• For the self-employed, it is assumed that HMRC might attempt to pre-populate the year-end declaration with data submitted in the quarterly return figures. This is unlikely just yet, as is already the case with VAT, a business will still need to reconcile their quarterly returns to their year-end accounts and so all must reconcile to the end of year declaration.
  • All taxpayers will need to check that pre-populated data is correct.
  • HMRC is consulting on changing the way that tax assessments interact with accounting basis periods. Its systems may not cope if say five million taxpayers all pressing 'send' at once.

Impact on businsses

  • Businesses that do not use smartphones, software or computers may be obliged to do so.
    • Free software will be available.
    • MTD is likely to be expensive for many micro and small businesses. Some two million businesses are not represented by agents and they will have to either learn the new systems or appoint agents going forward.
  • Some exemptions will be available: it is already indicated that some nano businesses (turnover below £10k) will be exempt from the new MTD for Income Tax regime. They may be brought into the regime later.
  • HMRC expects that apps will 'prompt' taxpayers when they purchase goods and services so that they learn the tax deduction rules on a day-to-day basis.
  • HMRC expects taxpayers to obtain their guidance online and not via the telephone. It will be developing online resources to reduce human interaction by telephone.
  • The government's published TIIN estimates that there will be an average transitional cost of £330 and an annual cost of £35 per business within scope.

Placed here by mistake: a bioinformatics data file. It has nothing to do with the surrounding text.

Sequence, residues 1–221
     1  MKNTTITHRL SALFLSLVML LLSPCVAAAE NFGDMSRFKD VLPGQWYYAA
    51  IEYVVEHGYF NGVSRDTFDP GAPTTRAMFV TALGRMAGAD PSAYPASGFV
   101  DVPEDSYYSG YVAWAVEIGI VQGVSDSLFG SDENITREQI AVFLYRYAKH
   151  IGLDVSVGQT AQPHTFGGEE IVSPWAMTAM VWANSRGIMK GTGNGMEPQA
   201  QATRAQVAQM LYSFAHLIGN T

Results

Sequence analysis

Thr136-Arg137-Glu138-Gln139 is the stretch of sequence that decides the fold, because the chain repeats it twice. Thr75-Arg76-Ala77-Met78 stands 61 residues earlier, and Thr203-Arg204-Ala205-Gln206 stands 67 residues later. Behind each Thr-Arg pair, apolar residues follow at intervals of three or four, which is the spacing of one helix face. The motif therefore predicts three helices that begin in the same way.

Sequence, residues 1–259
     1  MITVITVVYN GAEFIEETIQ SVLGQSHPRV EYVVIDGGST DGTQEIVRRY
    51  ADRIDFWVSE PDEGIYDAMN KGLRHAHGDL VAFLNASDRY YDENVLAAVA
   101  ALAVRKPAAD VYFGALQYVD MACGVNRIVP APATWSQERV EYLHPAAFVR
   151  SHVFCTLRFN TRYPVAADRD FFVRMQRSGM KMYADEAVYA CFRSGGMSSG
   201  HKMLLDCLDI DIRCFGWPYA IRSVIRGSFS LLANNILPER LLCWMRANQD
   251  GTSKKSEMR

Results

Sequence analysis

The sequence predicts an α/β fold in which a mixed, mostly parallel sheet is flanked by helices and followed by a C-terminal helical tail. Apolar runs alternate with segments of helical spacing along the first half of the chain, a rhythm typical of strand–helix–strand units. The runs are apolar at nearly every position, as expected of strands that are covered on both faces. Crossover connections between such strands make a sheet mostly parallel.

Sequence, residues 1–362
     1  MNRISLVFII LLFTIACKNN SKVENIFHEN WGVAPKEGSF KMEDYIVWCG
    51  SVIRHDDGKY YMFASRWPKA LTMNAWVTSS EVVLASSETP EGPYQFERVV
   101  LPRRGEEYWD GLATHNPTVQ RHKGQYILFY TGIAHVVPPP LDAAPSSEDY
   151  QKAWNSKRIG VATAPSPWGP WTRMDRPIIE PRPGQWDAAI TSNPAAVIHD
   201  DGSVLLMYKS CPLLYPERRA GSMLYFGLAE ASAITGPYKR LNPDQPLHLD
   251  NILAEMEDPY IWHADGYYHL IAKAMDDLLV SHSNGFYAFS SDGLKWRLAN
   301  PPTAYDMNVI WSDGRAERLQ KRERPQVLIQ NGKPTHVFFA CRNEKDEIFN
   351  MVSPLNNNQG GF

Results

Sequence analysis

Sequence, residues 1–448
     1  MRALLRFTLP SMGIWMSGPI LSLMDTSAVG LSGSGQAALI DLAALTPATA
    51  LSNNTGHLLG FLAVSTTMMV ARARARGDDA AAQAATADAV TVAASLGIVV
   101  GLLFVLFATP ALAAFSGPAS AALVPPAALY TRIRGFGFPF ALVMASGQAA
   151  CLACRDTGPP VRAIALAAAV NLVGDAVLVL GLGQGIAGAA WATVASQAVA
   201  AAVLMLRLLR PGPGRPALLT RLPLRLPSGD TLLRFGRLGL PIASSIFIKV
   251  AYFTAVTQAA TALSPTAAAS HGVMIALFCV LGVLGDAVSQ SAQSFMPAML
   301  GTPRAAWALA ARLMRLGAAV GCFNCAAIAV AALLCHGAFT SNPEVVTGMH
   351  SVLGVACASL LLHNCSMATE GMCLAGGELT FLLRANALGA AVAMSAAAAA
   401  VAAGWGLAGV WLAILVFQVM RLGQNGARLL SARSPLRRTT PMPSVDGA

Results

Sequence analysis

What's new?

Simplifying Making Tax Digital (MTD) for Income Tax Self Assessment

At the Autumn Statement 2023, the government plans to make design changes to Making Tax Digital for Income Tax Self Assessment by:

  • Simplifying the requirements for all taxpayers in providing quarterly updates and for taxpayers with more complex affairs, such as landlords with jointly-owned property.
    • Rather than requiring a total for the three-month period covered by each update, each update will be a cumulative total of income and expenses accumulated for the tax year to date. This should avoid the need for corrections to previous updates when errors have been identified.
    • Joint property owners will be able to decide whether they want to provide quarterly updates or not and will have less onerous digital record-keeping requirements.
  • Removing the requirement to provide an End of Period Statement.
  • Exempting some taxpayers from MTD altogether, including those without a National Insurance number and foster carers.
  • Enabling taxpayers using MTD to be represented by more than one tax agent.
  • Draft regulations will be published for technical consultation later in 2023 with a large-scale public beta testing programme commencing in 2025.
  • The policy paper confirms that MTD for ITSA will not be extended to businesses with income below £30,000 for the foreseeable future though this will remain under review.

HMRC have opened a new consultation ‘Tertiary legislation for Making Tax Digital for Income Tax’ inviting views on draft legislation which sets out the requirements for Making Tax Digital (MTD) for Income Tax.

  • It confirms that landlords and sole traders who must now join MTD from April 2026 but are under the VAT threshold, will only have to submit three line accounts to HMRC.
  • Those who are over the VAT threshold (£85,000) will have to submit income and expenses by category with property income split between UK and overseas, Furnished Holiday Lets and other types of letting, and FHL's split between UK and EEA holiday let businesses.